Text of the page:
The notion of "normative peace" is a very important concept in (especially) geo-political discourse but (in my mind) we should also remember its utter importance in domestic politics. It is the very difference between Iraq/Afghanistan wars and that which produced East-West-Germanies/North-South-Koreas. Indeed, it is the difference between pre- and post-Harper Canada. "Normative" is defined as:

Establishing, relating to, or deriving from a standard or norm, esp. of behavior: "negative sanctions to enforce normative behavior". (Google, "normative definition")

Grotius also said that though we decide one is an "enemy" we should never forget that our enemy is yet human like us (to quote Stanford Encyclopedia again):

...Grotius' method concerns his refusal to divide ethics, politics and law into separate subjects. These days, compartmentalization is the norm; ordinarily, we study one of these subjects while paying scant attention to the others. Now, it is true that Grotius does often identify ways in which legal norms differ from moral or political ones...At the same time, he does not think that law, politics and ethics are entirely distinct domains. If one reads Grotius with the expectation that he will keep them apart, one will likely be befuddled by the way he ignores distinctions which are important to us. It may help to know that he does this because he is interested in picking out the fundamental principles which lie at the basis of all normativity, not just a portion thereof. He cannot talk just about ethics, say, because his views on ethics are informed by his views on politics and the law. A fundamental tenet of his thought is that moral, political and legal norms are all based on laws derived from or supplied by nature.(ibid)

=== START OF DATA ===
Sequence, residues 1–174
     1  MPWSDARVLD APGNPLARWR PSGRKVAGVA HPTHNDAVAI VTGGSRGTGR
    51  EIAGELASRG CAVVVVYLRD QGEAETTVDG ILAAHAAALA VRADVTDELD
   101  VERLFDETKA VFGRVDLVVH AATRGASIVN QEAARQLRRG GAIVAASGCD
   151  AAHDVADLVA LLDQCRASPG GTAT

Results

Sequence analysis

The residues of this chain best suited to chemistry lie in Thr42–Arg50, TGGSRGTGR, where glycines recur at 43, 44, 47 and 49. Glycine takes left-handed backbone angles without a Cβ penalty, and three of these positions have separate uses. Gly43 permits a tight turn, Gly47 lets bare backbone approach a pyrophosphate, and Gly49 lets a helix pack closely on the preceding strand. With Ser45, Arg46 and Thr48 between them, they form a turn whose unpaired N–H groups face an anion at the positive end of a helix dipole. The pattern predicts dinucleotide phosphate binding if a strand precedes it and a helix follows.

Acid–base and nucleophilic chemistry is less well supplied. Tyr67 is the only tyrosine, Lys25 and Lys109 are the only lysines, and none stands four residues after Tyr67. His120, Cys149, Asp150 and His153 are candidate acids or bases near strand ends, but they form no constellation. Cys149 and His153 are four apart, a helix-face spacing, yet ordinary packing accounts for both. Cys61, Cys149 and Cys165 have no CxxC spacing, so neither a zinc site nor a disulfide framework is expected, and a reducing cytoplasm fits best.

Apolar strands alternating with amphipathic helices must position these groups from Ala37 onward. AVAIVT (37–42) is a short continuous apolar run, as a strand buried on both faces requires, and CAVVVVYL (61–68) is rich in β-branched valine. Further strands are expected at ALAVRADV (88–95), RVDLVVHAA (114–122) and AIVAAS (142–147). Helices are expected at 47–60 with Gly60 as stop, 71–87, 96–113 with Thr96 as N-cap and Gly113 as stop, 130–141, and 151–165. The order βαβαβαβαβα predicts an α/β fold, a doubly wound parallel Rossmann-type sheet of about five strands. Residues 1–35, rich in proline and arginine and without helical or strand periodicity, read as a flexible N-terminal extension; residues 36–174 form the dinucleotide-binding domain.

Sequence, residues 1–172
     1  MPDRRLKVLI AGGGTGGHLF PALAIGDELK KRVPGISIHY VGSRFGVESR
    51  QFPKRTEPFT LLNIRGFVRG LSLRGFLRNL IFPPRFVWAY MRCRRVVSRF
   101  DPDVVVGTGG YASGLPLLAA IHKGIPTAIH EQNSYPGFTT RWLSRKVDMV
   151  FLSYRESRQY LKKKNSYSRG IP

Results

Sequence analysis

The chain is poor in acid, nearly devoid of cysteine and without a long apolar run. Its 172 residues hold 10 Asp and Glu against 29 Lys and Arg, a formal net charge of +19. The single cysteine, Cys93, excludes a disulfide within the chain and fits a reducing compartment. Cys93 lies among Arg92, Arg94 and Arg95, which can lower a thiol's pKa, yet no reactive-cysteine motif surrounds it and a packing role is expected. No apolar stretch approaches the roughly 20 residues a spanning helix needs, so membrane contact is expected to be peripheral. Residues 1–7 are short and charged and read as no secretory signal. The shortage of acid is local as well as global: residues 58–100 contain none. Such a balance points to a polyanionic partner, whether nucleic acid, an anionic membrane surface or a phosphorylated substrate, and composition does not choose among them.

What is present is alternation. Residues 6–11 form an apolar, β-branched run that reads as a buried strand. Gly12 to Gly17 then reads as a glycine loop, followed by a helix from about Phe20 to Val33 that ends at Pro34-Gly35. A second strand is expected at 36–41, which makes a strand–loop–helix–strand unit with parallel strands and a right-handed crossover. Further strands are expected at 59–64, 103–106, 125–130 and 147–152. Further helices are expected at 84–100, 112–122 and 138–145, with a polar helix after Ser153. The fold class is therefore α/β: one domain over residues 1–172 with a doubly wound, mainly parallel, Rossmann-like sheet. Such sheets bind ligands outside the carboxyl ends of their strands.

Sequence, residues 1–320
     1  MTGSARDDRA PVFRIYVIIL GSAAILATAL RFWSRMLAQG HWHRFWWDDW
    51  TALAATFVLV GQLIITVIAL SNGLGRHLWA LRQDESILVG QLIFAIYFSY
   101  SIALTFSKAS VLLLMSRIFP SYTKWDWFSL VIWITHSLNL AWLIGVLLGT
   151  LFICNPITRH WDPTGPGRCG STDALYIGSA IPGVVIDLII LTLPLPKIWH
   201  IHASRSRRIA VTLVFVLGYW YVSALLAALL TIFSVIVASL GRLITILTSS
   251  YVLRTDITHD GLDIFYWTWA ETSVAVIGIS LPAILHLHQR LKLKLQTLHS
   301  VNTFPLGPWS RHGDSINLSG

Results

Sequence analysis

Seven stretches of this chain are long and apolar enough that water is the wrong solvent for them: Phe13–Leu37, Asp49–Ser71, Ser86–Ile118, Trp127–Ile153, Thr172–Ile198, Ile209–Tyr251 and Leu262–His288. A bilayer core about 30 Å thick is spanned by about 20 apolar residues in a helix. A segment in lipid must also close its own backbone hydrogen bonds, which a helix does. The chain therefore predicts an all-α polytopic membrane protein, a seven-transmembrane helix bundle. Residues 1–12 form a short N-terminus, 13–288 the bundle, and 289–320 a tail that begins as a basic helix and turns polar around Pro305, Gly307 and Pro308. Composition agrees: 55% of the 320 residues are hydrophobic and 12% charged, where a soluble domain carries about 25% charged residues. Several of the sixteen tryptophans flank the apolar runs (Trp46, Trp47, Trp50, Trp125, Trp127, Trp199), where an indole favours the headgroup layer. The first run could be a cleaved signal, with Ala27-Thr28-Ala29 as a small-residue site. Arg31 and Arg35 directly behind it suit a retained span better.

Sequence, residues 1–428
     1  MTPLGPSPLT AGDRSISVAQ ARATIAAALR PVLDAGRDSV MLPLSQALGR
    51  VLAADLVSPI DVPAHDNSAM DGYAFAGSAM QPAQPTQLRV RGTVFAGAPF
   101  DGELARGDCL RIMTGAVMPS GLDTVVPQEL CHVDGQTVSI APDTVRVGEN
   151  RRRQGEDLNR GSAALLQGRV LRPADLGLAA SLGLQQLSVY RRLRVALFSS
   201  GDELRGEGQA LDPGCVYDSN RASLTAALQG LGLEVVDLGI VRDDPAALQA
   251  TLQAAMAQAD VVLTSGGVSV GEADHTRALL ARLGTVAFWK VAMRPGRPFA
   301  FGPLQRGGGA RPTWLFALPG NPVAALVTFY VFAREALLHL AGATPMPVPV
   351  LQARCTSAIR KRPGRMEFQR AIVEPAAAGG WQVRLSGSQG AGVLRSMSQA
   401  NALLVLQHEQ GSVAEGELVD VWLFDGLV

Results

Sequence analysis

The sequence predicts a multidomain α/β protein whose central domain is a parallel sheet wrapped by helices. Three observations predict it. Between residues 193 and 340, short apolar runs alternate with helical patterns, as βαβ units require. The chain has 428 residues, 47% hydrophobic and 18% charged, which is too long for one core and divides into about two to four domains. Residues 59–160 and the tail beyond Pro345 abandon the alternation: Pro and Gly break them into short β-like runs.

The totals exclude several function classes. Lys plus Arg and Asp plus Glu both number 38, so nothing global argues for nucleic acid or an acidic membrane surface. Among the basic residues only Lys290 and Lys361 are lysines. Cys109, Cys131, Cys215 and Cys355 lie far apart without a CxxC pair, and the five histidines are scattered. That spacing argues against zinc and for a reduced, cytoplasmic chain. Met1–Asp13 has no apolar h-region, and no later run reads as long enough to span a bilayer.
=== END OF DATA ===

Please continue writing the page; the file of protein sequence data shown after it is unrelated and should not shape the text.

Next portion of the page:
Harper's hyper-partisanship and, indeed, the rise of the "military-industrial complex" completely ignore the alternative to normativity, seeing and interpreting as they do only the negativity (ie, the bathwater in which the baby now resides).

We can only hope that the opposition leaders have the realistic expectations and wisdom to see the alternative to normative measures of the Canadian constitution, laws and the confederate arrangements that make Canada possible. The closest we gotten to Grotius is Lester B Pearson, the last true Canadian visionary who saw nothing wrong with "dirtying his hands" without getting dirty and ugly as the dictators and tyrants he knew we had to deal with to strike a better world.

Jay

Sunday, 9 June 2013

Grammatical tense